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Ballet Talk for Dancers

Is teaching pointe strickly for female teachers?

falling arches

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My dd is studying with a well respected male teacher. He doesn't speak mcuh english The school is small and has only female students. Weekly there is a female teacher that works with the girls but learning pointe and variations are primarily done through the male. Does this seem odd? How effective could a male be at communicating something he's never done? No one in the school questions this and many of the students are placing into great SI's and have pro futures. The advanced girls look incredible . We are new to the school and my dd is on the older side. For the last two years she was with female teachers but the classes were too big and she ended up injured.Should I try to get her to a female teacher for privates?

Edited by falling arches
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My DD has had both male and female teachers since she was 13. Of course, by that age she had been en pointe for several years, so learning HOW to get up onto pointe/tie the shoes/sew ribbons, or other beginning pointe stuff wasn't really an issue. She seems to feel that she has had great advice about dancing in pointe shoes from male teachers, even though they have never done it. Doesn't seem to have been a disadvantage at all.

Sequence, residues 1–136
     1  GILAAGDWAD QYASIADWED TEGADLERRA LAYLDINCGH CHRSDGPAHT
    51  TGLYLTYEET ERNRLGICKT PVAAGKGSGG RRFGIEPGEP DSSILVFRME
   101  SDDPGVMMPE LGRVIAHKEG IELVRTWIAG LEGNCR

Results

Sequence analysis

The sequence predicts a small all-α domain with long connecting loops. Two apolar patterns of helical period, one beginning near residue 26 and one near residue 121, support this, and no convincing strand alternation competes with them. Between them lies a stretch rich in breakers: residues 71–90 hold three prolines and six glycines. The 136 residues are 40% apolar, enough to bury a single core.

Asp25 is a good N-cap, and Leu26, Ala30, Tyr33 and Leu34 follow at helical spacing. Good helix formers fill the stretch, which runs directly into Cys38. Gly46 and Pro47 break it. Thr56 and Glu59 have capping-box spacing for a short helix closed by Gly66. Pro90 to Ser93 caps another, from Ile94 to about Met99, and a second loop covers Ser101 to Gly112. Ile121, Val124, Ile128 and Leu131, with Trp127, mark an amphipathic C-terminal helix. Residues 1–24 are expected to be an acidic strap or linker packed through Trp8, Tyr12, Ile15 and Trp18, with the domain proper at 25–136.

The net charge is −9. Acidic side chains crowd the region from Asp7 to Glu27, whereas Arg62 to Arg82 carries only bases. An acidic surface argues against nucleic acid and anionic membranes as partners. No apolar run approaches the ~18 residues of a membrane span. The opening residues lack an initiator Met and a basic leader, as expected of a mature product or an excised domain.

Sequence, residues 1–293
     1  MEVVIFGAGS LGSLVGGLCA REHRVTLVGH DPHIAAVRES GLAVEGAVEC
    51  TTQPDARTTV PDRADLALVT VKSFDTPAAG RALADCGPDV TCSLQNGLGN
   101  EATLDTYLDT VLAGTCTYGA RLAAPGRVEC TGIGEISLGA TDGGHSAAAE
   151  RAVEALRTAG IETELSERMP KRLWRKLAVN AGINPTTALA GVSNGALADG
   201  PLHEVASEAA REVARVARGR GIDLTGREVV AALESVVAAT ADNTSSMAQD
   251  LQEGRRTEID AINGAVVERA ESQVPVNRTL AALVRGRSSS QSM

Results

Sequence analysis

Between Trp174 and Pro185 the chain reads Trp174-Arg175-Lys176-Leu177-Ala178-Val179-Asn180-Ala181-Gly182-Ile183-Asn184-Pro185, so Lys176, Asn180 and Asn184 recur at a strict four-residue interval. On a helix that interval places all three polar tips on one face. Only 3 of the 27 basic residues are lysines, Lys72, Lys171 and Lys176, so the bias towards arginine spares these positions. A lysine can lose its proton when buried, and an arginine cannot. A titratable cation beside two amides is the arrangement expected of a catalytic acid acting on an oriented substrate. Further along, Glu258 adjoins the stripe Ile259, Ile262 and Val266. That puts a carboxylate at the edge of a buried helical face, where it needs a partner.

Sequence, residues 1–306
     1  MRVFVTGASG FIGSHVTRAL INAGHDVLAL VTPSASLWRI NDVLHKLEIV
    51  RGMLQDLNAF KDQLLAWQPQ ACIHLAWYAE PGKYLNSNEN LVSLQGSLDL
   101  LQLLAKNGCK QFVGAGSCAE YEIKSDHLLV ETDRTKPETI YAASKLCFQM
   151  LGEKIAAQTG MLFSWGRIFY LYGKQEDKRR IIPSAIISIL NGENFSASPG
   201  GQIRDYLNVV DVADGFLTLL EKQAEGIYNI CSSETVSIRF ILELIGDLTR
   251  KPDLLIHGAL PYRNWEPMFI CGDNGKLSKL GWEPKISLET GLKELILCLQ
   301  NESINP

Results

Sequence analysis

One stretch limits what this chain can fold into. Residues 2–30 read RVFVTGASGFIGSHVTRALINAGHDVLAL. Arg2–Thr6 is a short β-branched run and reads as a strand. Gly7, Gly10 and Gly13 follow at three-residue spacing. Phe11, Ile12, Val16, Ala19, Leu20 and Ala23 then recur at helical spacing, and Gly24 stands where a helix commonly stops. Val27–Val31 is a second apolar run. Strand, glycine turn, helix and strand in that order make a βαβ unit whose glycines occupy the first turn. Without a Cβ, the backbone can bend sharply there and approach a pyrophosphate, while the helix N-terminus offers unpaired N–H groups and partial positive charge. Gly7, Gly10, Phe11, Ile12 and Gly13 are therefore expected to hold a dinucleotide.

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There is a thread on another part of the forum that touches on this issue, and it had me thinking about this question as well. My dd has three teachers, two of whom are men, and the woman does not teach terribly often. These are the same teachers she has had since beginning pointe and there seems to be no issue for her, so I'm thinking it's the quality of the instruction, rather than the gender of the instructor, that is key here. I know she enjoys them all for their very different qualities.

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Dd has had, and continues to have, both female and male teachers, both of whom teach technique/pointe and variations & partnering. No difference in quality of teaching that I can tell. What seems to matter, female or male, is the teacher's length of teaching experience and depth of knowledge in the variety of ballet repertory, esp. when it comes to variations classes.


However, I seem to recall dd having mainly female teachers in her beginning pointe classes when she was younger, esp. when she needed the teacher's help in getting the "right" pointe shoe to fit.

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DD has three teachers, two women who teach the pointe classes. However the male does amazing original choreography en pointe and rehearses the kids for it. My guess is he could teach pointe but doesn't need to.

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Russian teachers who hold, for lack of a more specific term, a "teaching credential" from GITIS, as your daughter's teacher may have, have been taught during a very thorough pedagogy course, how to teach all facets of ballet training for both genders of students.


If the teacher has had a professional career, it is also likely that he is familiar with most of the female variations from the major ballets, especially if he was a principal dancer. In any case, he can teach a variation from a video tape, because he would have the ability to discern which steps are being used and how they are combined together.